What you see. The starting point for addressing any equine health related issue is your observation.


Mare in Abdominal Pain (Colic), Soon after Foaling


Immediately after foaling, a mare is uniquely susceptible to a variety of problems causing abdominal pain (colic).

Uterine cramping is common and usually manifests as pawing or lying down- signs that may be indistinguishable from other more serious conditions. Uterine cramping is especially common in the moments after foaling and again around the time that the mare sheds her placenta.

Mares experiencing uterine cramping often paw, kick at their belly, and lie down. Severe signs of pain, including sweating and more obvious distress right after foaling can be caused by more severe conditions, such as the rupture of a uterine artery, ruptured uterus. Mares in the post-foaling period are also inclined to have severe intestinal problems, especially colon volvulus (twisted large colon).

  • Code Red

    Call Your Vet Immediately, Even Outside Business Hours
    • If the mare seems ill, or shows colic signs beyond mild uterine cramping.
    • If the results of the Whole Horse Exam (WHE) in the resting horse indicate fever (Temp >101F/38.3C) or heart rate greater than 48 BPM.
    • Questions coming up around foaling should usually be discussed right away with your vet.
  • Code Orange

    Call Your Vet at Their First Available Office Hours
    • Once the problem is resolved it is still wise to evaluate the horse's general health and management to ensure there is no underlying problem.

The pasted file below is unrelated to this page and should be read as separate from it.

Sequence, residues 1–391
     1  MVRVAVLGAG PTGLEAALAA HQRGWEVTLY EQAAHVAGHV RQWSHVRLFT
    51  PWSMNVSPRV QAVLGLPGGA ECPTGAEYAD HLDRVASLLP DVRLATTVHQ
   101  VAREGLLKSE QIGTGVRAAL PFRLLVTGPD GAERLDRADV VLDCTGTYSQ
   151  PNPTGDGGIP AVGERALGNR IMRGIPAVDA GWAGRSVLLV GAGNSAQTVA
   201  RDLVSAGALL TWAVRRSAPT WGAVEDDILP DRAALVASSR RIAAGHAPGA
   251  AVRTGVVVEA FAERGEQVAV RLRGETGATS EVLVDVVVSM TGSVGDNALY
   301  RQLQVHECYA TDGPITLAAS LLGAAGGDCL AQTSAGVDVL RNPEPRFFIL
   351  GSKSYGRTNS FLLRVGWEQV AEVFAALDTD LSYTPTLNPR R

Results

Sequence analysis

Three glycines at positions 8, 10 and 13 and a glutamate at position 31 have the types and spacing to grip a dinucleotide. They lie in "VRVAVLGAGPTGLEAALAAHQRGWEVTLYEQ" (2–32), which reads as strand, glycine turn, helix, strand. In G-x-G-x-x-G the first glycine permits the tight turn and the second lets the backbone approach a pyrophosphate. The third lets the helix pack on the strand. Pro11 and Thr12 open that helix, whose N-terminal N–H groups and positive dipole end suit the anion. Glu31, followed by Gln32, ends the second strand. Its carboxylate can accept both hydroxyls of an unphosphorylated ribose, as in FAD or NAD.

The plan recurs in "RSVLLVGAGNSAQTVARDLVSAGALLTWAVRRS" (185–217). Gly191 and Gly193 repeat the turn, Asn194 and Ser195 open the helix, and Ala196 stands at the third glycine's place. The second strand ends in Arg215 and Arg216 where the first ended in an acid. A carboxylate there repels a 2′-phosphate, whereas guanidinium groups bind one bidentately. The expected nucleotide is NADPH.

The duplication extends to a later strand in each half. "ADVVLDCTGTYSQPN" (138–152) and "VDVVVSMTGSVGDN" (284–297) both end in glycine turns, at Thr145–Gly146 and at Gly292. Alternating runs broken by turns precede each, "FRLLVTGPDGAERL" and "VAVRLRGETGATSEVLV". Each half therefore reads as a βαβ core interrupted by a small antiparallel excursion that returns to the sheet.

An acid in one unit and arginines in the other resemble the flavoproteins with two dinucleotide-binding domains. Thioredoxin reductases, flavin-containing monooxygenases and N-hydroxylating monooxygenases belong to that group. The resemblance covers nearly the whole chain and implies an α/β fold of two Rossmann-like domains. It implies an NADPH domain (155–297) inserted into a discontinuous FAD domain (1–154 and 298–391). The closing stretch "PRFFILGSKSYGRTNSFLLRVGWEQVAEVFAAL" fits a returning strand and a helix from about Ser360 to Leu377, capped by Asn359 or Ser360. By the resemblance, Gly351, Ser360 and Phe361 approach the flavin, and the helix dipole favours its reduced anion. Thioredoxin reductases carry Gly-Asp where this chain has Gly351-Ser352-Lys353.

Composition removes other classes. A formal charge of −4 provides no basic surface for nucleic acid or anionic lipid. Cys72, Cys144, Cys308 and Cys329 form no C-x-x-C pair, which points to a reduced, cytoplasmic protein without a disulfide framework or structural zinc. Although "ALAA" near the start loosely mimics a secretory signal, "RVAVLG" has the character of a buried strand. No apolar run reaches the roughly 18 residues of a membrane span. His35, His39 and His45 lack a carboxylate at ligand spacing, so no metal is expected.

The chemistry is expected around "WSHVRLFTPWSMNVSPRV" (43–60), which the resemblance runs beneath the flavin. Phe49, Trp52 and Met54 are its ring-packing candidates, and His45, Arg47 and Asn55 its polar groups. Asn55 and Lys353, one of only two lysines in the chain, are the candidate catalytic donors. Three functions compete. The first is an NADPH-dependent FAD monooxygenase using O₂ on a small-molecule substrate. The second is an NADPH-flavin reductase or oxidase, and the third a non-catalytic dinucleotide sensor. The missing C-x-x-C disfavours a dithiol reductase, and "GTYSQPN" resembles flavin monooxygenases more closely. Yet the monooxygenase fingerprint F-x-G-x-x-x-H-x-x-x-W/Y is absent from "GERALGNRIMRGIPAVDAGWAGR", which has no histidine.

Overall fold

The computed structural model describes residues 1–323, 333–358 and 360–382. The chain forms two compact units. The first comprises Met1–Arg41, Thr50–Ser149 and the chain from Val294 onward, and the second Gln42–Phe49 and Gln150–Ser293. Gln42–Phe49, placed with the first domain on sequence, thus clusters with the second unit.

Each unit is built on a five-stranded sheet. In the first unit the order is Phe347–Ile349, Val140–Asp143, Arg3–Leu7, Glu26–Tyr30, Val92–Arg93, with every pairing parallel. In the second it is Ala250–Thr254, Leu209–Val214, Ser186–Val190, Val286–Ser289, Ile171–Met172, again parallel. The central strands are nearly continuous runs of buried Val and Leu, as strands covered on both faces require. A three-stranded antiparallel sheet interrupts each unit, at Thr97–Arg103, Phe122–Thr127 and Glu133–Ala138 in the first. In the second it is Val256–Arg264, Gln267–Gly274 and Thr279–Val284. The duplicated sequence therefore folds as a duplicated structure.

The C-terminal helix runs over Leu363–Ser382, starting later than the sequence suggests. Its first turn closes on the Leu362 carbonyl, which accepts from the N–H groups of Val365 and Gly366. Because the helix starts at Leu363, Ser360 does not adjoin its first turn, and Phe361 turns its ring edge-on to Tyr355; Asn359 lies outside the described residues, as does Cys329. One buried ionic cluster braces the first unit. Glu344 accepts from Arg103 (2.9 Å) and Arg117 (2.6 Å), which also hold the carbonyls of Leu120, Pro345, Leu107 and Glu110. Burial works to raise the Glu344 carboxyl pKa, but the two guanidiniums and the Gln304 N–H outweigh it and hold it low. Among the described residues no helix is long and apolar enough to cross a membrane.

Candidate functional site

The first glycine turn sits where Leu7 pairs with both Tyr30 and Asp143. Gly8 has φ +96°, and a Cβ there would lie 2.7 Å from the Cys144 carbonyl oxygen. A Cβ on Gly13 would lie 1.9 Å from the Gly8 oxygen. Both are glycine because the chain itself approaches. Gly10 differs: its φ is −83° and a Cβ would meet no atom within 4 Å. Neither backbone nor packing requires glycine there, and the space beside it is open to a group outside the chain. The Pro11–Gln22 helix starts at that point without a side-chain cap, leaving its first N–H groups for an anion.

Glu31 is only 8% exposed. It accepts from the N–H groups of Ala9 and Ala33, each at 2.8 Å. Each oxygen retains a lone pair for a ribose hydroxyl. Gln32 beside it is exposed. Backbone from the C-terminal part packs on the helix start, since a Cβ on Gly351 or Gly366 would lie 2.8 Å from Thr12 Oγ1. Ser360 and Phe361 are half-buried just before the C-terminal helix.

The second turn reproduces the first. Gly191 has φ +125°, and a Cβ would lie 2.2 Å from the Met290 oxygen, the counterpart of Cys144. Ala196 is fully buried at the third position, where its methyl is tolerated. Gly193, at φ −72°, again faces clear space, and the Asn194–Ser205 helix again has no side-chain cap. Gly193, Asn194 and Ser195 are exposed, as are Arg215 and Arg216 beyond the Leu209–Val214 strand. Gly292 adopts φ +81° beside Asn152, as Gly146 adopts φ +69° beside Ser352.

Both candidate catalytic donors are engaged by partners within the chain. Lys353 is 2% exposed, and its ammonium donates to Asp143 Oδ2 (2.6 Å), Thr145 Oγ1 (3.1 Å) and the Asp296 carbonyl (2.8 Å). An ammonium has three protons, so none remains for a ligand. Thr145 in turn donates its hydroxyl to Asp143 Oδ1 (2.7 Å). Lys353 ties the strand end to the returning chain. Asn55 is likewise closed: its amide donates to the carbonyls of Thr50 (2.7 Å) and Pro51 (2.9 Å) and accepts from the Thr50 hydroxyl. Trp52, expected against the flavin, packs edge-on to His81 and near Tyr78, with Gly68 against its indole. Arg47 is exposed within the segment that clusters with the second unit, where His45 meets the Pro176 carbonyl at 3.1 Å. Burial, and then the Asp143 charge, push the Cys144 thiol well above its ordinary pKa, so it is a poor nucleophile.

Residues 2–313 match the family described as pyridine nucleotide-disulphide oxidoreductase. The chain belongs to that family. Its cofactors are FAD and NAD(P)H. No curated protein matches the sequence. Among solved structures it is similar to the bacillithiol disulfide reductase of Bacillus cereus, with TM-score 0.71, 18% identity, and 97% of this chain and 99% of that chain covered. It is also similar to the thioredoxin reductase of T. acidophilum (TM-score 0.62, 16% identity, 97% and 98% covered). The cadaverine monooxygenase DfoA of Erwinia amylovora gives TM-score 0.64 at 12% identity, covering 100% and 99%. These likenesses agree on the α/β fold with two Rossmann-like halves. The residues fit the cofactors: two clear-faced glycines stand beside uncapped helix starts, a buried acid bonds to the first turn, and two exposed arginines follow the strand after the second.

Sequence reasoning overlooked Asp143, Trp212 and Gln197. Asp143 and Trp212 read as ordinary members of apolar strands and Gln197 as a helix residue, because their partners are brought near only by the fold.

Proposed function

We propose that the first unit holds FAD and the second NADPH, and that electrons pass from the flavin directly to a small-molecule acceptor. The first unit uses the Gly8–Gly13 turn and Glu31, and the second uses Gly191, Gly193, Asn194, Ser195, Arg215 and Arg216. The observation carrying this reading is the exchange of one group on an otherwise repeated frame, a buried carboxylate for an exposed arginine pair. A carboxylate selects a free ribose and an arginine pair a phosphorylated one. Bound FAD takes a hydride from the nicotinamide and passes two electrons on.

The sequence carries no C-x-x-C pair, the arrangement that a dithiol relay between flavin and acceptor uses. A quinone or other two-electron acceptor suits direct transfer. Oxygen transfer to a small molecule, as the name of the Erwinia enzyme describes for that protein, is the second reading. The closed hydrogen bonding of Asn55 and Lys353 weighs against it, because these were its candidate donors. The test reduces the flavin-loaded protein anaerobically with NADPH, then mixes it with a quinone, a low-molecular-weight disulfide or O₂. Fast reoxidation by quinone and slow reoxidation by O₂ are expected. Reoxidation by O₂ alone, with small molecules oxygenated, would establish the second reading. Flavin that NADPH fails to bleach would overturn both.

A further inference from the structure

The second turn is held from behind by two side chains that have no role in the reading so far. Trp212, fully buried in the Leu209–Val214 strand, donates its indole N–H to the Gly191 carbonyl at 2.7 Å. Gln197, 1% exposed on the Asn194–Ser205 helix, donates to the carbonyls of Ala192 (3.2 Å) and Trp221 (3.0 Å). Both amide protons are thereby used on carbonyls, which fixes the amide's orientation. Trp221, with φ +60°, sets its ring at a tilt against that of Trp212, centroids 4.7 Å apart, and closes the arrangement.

• If the results of the Whole Horse Exam (WHE) suggest the horse is otherwise normal.

your role


What To Do

For these reasons, it is always best to call your vet immediately. While the colic may only be caused uterine cramping, it could be something more serious. If the mare is extremely painful, down and rolling, you may need to pull the foal from the stall until your vet arrives.

If the signs are mild, you may assess the mare's general health using the Whole Horse Exam on Post-Foaling Mare (WHE), paying particular attention to gum color and heart rate. Share your findings with your vet.

What Not To Do

Do not introduce new or particularly rich feeds to your mare at this time, instead keep her feed and management the same.

Do not give pain relievers like flunixin (Banamine), unless advised to do so by your vet, as medications may interfere with the mare's normal uterine contraction post-foaling.

your vet's role


Your vet uses the results of the physical exam to distinguish uterine cramping from more serious problems.
Questions Your Vet Might Ask:
  • Does the mare's attitude and appetite seem normal?
  • When did you first notice this?
  • When did your mare have her foal?
  • How severe do you think the problem is?
  • What are the results of the Whole Horse Exam (WHE)?
  • Is the foal standing and nursing normally?
  • Has the mare passed her placenta whole?
  • Have you given the horse any medications?

Diagnoses Your Vet May Consider

The cause of the problem. These are conditions or ailments that are the cause of the observations you make.

Very Common
Less Common
more diagnoses

further reading & resources

Author: Doug Thal DVM Dipl. ABVP